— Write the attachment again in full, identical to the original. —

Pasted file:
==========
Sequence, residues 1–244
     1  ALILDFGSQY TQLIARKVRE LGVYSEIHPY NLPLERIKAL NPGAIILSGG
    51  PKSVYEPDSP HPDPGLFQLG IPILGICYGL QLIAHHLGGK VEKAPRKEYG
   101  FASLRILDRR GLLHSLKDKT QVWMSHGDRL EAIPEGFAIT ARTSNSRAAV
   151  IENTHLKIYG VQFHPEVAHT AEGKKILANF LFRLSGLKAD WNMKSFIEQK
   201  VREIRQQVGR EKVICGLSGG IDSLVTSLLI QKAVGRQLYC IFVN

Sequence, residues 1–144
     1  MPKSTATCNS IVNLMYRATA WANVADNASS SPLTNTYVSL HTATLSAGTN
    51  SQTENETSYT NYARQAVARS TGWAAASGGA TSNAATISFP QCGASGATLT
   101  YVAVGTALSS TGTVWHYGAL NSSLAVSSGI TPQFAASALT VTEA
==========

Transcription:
Sequence, residues 1–244
     1  ALILDFGSQY TQLIARKVRE LGVYSEIHPY NLPLERIKAL NPGAIILSGG
    51  PKSVYEPDSP HPDPGLFQLG IPILGICYGL QLIAHHLGGK VEKAPRKEYG
   101  FASLRILDRR GLLHSLKDKT QVWMSHGDRL EAIPEGFAIT ARTSNSRAAV
   151  IENTHLKIYG VQFHPEVAHT AEGKKILANF LFRLSGLKAD WNMKSFIEQK
   201  VREIRQQVGR EKVICGLSGG IDSLVTSLLI QKAVGRQLYC IFVN

Sequence, residues 1–144
     1  MPKSTATCNS IVNLMYRATA WANVADNASS SPLTNTYVSL HTATLSAGTN
    51  SQTENETSYT NYARQAVARS TGWAAASGGA TSNAATISFP QCGASGATLT
   101  YVAVGTALSS TGTVWHYGAL NSSLAVSSGI TPQFAASALT VTEA